Frank J. Kautz, II
    Staff Attorney

    Community Service Network, Inc.
    52 Broadway
    Stoneham, MA 02180
    (781) 438-1977
    (781) 438-6037 fax
    [email protected] –work
    [email protected] –private

  • Everyone who sincerely is interested in resourcing this product as a financial tool appreciates the sentiment. Lets be honest, the housing market is still very challenging. Extending the “hold no pass” option for a senior who has loss real equity in their homes will give them a real option and chance to recover some of that equity, or more time to transition. As for the FHA buying into this financial investment, they would be buying in at record low home values. Congress perhaps needs to understand that this isn’t a blanket plan for a million seniors choosing the pamphlet phrased ” better lifestyle” scenario. Its way more practical in offering seniors “a better, working alternative”.  

    • Bobby Socks,

      But our marketing says straight up that the home is paying the senior, not FHA.  Your statements play right into the hands of people like Senator McCaskill.

      What does this following sentence mean?  “Extending the ‘hold no pass’ option for a senior who has loss real equity in their homes will give them a real option and chance to recover some of that equity, or more time to transition.”  

      Beyond that how does a mortgage which is designed to allow negative amortization allow for home equity to recover?  In an environment where home values are not recovering, how would any mortgage with significant upfront costs provide more time to transition?  This sounds like a mortgage of last resort not the financial tool you presented upfront.

      It is not Congress or HUD which advertised HECMs as providing a better lifestyle.  You need to develop how a HECM provides “a better working alternative.”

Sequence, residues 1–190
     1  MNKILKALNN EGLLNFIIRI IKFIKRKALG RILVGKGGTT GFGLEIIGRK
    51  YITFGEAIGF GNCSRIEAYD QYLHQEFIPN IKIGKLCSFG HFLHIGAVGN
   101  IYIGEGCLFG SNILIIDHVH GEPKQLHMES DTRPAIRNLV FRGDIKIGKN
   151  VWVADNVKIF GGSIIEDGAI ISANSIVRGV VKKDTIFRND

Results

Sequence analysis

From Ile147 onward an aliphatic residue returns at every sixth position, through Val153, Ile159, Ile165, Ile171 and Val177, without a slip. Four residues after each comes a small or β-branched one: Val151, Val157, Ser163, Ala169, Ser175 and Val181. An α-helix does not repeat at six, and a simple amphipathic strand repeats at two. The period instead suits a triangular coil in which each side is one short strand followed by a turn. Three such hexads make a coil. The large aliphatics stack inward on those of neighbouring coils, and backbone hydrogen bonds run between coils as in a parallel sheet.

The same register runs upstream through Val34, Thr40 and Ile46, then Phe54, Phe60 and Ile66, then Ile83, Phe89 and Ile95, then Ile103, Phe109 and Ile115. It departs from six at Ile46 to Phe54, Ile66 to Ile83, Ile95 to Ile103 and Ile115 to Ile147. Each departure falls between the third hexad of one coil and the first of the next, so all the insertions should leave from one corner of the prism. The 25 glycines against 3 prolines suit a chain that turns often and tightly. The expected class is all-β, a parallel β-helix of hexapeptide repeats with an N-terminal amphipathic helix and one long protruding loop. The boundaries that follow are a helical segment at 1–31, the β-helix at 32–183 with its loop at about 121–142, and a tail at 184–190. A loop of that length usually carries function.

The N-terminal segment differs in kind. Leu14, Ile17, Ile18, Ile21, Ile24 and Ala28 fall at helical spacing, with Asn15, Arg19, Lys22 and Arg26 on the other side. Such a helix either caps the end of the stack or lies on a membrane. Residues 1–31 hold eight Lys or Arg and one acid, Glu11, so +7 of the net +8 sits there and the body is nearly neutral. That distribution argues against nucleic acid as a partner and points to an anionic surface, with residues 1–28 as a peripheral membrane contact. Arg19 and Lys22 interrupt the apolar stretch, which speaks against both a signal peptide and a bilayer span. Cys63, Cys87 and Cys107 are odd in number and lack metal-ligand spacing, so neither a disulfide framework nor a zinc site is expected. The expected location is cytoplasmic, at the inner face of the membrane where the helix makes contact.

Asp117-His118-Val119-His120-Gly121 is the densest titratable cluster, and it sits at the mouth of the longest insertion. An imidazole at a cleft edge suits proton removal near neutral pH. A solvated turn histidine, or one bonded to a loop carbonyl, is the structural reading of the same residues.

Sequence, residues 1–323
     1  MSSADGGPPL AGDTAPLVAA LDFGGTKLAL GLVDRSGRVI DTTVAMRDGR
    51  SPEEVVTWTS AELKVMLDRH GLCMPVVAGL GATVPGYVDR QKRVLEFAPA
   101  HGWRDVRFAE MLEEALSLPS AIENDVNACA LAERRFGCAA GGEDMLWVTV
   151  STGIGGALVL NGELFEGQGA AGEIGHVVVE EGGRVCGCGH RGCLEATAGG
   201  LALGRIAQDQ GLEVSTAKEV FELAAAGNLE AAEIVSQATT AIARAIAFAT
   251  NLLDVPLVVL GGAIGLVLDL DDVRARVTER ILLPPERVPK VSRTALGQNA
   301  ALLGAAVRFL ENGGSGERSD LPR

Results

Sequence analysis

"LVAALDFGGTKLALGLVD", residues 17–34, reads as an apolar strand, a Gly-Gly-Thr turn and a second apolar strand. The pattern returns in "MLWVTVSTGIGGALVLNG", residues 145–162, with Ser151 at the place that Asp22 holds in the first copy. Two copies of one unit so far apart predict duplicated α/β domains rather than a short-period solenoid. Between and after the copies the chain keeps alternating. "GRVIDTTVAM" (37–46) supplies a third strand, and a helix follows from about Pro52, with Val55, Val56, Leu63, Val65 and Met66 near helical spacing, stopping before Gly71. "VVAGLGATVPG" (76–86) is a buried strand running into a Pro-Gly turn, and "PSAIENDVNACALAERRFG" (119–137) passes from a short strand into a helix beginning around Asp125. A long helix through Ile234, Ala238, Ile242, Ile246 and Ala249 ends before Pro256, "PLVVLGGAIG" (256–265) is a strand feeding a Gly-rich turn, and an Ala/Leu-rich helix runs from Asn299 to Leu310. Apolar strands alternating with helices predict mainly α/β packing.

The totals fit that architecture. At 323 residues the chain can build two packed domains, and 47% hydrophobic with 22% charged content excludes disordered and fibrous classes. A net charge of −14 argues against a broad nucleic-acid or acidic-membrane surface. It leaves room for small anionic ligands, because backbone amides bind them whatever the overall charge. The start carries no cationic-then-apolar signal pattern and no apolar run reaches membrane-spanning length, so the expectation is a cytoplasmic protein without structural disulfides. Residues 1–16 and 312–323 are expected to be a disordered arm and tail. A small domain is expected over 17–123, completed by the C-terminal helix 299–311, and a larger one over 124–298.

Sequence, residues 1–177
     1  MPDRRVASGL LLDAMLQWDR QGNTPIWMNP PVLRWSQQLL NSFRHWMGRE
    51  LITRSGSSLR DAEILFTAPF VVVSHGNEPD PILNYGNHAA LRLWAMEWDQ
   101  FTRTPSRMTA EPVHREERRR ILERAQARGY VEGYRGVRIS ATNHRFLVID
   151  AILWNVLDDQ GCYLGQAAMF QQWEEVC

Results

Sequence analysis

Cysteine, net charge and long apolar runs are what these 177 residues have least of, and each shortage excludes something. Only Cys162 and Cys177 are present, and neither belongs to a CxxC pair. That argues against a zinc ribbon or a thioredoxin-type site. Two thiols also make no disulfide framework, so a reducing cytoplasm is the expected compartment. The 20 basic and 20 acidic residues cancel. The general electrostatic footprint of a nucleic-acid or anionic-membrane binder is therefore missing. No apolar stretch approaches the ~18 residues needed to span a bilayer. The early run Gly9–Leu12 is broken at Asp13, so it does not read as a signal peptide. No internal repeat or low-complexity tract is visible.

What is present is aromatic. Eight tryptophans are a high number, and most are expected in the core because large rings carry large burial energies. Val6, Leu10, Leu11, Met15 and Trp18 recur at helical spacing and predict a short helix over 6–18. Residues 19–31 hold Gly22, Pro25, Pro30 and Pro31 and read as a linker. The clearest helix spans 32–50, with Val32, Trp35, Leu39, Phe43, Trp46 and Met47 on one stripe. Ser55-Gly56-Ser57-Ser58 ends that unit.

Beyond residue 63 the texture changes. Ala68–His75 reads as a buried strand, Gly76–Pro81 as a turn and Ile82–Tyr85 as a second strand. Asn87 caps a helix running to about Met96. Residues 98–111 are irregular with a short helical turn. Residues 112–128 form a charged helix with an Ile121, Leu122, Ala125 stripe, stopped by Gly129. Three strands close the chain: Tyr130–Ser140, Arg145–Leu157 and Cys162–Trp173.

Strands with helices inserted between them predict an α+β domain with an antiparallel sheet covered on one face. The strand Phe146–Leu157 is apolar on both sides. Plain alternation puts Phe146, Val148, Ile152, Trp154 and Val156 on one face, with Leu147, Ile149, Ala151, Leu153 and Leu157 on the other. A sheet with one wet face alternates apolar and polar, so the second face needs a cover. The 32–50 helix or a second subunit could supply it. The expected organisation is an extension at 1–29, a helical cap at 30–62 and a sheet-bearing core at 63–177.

Neither the US taxpayer nor HUD is in the business of buying homes, holding them, and selling them.  Your idea would change the very nature of HECMs.  I, for one, oppose it.

  • Representative Sherman is someone I have known since his early days in San Fernando politics and his time serving as a member of the California Board of Equalization.  He was a key member in deciding on a critical sales tax issue related to my former employer, Kaiser Steel Corporation.

    How the Representative has concluded that the HECM program “has generated … an actual profit to FHA,” I have no idea.  It is in anticipation of net losses that HUD transferred significant amounts out of the MMI reserve funds to the HECM portion of the MMI Fund.  Without that transfer, the HECM portion of the MMI Fund would not show any net value to HUD.  Politicians sometimes make statements without all of the facts.  HOWEVER, on a PURE cash basis, the HECM program has brought in far more cash than has been expended to date (but that is nothing more than a temporary net cash position).

    HERA was supposed to have ended the cap problem altogether.  Congress decided against it when Democrats were in control of the issue.  What leads us to conclude differently now?  If Democrats did NOT back this measure then, some industry leaders have led us to expect that it will not happen now when Republicans are in control of the House.  Based on the statements of those leaders, it seems the cap will be a continuing issue for years to come.